Why is ammonia a water-like solvent? How does it react with sodium metal?
Why? Well because it can be.........
Ammonia is a water-like solvent. It is relatively high boiling, and it can be used in the laboratory with fairly simple equipment. I've seen it used with beakers, and dry-ice/ethanol condensers. The vapour pressure of the ammonia forms an effective protective blanket around the solution. It's pretty smelly tho......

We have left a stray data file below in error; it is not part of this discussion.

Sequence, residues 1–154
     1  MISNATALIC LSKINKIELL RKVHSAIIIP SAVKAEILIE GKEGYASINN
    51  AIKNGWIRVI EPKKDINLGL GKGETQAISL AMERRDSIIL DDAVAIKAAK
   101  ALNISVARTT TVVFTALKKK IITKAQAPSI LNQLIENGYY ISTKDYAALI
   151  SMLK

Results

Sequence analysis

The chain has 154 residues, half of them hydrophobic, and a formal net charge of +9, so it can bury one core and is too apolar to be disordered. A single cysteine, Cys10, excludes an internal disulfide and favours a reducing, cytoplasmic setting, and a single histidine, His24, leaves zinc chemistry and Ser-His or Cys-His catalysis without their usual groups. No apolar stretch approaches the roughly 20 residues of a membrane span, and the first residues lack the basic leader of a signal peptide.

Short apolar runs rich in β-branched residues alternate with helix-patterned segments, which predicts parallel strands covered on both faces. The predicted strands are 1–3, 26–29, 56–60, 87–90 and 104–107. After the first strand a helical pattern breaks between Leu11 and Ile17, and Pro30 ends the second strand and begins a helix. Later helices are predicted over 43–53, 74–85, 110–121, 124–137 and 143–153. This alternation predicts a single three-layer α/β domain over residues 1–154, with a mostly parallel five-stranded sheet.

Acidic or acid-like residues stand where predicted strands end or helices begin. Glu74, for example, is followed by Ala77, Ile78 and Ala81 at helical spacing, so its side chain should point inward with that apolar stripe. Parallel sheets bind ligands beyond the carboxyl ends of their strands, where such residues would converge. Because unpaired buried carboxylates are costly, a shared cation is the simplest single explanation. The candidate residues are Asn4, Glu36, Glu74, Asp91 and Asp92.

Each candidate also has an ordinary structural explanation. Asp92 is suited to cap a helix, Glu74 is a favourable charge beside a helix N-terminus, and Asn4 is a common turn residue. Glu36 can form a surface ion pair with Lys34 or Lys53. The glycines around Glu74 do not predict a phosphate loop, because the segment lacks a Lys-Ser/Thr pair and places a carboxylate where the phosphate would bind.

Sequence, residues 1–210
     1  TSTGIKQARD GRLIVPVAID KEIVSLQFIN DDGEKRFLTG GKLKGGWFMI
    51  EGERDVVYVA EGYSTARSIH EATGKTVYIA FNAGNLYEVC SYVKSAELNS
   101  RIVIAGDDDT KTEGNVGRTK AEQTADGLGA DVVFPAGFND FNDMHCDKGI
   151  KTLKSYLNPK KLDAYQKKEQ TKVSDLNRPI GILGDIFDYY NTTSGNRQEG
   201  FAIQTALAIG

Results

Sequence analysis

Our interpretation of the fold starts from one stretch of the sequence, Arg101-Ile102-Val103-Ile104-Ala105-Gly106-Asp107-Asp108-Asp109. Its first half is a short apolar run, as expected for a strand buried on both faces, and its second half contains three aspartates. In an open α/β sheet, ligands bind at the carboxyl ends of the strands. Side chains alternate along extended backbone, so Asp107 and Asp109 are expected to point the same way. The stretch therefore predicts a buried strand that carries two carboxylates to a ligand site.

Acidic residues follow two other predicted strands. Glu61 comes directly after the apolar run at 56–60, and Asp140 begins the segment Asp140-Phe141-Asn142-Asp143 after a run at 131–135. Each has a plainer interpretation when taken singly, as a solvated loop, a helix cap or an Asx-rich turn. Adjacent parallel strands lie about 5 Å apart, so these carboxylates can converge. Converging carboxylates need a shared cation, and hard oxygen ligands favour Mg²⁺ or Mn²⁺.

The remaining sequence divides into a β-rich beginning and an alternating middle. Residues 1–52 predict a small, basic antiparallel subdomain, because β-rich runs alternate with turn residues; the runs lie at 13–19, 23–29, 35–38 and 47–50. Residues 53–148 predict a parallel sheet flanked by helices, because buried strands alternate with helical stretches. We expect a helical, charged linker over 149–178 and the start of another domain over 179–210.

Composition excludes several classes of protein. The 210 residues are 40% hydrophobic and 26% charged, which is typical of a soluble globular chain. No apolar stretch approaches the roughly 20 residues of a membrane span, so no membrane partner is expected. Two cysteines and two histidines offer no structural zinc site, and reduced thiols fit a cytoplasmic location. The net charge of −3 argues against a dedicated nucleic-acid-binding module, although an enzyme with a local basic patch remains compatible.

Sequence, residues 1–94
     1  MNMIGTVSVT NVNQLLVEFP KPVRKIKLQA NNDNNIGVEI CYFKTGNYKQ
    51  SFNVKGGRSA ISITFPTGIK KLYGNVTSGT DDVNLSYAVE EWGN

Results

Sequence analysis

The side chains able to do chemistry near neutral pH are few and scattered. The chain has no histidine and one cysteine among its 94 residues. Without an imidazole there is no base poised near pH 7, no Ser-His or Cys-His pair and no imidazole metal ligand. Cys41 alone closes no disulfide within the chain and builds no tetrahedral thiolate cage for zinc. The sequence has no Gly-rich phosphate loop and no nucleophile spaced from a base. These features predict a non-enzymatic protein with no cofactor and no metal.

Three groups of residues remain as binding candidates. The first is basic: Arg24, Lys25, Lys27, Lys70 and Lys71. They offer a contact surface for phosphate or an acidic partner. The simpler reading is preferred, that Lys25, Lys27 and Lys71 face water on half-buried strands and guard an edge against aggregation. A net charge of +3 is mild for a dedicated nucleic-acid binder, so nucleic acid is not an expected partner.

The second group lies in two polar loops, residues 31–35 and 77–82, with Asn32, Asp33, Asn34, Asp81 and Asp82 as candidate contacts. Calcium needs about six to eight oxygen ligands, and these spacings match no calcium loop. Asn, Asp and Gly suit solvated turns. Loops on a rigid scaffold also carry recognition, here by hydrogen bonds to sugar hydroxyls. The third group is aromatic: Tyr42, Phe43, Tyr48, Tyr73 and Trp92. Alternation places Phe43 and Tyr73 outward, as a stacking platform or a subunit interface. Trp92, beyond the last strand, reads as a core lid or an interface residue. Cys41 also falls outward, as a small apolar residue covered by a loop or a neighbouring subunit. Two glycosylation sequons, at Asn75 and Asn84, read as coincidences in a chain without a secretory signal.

The reaction with sodium is truly beautiful, and chemists conceive of a long-lived solvated electrons, before the solvent is reduced.
Why should ammonia be high boiling? What special property does it share with water?